Net filters help avoid dodgy domains
A free service that helps stop consumers visiting websites known to be malicious has been set up by IBM and two other industry bodies.
The Quad 9 service requires people to change the settings on their home router so web addresses can be checked.
It uses 19 separate lists of web-based threats to spot those used by phishing gangs or other cyber-thieves.
One security expert said it could be a "challenge" getting people to adopt the filtering system.
The Quad 9 service is backed by IBM and two other partners - the Packet Clearing House and the Global Cyber Alliance. The GCA was founded by security research groups and law enforcement and aims to start initiatives that educate people about web threats and help make it safer to use.
"Consumers have considerable problems with phishing," said Phil Reitinger, head of the GCA. "A majority of them cannot tell if a website is real or not."
Mr Reitinger said the service would help solve this problem by blocking any attempt to visit a known bad site preventing people from falling victim to those that pose as reputable financial organisations. Many spam and phishing emails include links to sites that look like the real thing but only want to steal data.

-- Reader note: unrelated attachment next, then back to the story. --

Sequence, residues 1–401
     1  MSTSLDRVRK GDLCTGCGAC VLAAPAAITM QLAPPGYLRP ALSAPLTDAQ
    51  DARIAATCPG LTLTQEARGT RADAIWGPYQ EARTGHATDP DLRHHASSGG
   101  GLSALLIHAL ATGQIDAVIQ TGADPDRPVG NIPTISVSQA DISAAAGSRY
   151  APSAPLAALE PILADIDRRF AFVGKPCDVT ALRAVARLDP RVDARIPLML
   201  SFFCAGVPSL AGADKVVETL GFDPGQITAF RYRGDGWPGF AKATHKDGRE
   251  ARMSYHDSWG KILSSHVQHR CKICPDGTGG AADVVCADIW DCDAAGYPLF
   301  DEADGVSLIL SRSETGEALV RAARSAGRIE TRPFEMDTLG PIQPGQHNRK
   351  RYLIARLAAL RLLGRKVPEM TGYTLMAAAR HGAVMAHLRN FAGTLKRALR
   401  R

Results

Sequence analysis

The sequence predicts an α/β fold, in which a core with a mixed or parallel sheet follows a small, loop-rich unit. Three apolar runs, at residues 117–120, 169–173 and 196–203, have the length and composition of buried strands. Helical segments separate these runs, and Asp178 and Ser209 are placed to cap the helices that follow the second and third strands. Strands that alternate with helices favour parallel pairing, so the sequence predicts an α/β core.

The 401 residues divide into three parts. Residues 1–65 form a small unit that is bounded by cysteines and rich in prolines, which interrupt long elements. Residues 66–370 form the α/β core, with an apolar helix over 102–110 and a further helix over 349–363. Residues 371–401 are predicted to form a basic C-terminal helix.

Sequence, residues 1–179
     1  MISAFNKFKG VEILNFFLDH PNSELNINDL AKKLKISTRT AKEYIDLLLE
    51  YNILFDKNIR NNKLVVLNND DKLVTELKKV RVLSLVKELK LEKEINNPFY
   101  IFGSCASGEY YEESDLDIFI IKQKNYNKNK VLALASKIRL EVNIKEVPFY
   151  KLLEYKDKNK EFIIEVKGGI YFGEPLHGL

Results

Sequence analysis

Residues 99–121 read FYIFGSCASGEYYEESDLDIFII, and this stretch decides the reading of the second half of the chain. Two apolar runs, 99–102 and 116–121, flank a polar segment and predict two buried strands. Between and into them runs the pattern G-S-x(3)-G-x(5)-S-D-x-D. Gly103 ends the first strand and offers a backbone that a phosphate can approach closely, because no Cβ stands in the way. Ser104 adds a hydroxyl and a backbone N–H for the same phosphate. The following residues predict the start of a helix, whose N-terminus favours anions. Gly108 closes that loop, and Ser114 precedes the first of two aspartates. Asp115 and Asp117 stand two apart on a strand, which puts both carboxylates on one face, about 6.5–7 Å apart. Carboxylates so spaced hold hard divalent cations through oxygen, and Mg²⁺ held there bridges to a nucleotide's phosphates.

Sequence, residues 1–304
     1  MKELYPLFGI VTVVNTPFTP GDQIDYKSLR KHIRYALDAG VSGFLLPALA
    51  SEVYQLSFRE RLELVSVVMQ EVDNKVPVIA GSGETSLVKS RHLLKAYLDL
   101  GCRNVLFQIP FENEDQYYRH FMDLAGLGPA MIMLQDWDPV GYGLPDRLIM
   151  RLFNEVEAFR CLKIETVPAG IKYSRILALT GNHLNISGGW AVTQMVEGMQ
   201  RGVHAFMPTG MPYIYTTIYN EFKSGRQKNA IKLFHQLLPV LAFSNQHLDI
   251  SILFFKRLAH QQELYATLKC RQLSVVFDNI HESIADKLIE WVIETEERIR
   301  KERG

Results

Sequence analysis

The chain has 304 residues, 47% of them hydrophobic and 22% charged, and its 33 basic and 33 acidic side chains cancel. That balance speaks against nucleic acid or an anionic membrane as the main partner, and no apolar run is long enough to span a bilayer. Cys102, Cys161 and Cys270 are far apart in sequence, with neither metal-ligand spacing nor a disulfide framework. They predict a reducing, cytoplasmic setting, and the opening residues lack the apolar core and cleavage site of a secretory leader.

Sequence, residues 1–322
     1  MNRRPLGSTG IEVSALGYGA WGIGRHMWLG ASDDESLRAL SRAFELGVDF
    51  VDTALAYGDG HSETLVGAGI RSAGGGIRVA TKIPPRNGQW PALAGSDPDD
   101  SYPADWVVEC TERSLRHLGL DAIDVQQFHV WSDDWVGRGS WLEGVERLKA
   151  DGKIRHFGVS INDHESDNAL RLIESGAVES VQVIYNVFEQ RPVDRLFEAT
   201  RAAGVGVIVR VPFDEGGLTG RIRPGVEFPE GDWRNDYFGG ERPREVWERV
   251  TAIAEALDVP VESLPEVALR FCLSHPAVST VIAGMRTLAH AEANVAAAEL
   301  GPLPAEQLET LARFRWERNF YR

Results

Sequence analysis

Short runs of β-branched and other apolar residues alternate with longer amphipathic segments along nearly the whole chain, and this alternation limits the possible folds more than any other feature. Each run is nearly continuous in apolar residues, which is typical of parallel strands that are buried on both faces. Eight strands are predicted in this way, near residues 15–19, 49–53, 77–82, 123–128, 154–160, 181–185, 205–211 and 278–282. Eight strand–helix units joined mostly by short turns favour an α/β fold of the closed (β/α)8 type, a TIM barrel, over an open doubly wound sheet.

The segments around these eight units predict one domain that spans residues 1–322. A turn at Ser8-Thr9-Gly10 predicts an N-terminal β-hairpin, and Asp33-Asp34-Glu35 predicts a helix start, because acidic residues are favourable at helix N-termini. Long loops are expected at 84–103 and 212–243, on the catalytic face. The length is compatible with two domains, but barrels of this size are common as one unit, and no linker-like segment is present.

Consumers turn on the service by changing the settings on their home router that determine which servers their computer consults when they want to look up the location of a website. Domain name servers (DNS) hold this information and act like address books for websites.
By changing the router's DNS settings to 220.127.116.11 people can check that the sites they are visiting are safe. Videos and documentation guiding people through the changes needed have been prepared by the project partners.
Independent security expert Graham Cluley said relatively few people fiddled with the settings on their routers to change the way they found web addresses.
Getting across the benefits of switching would be a " big challenge", he said, given how reluctant people were to adopt other useful security technologies.
"We haven't managed to convince most users to deploy VPNs and password managers," he said. "I think it's going to be similarly challenging convincing them of the merits of a different DNS service."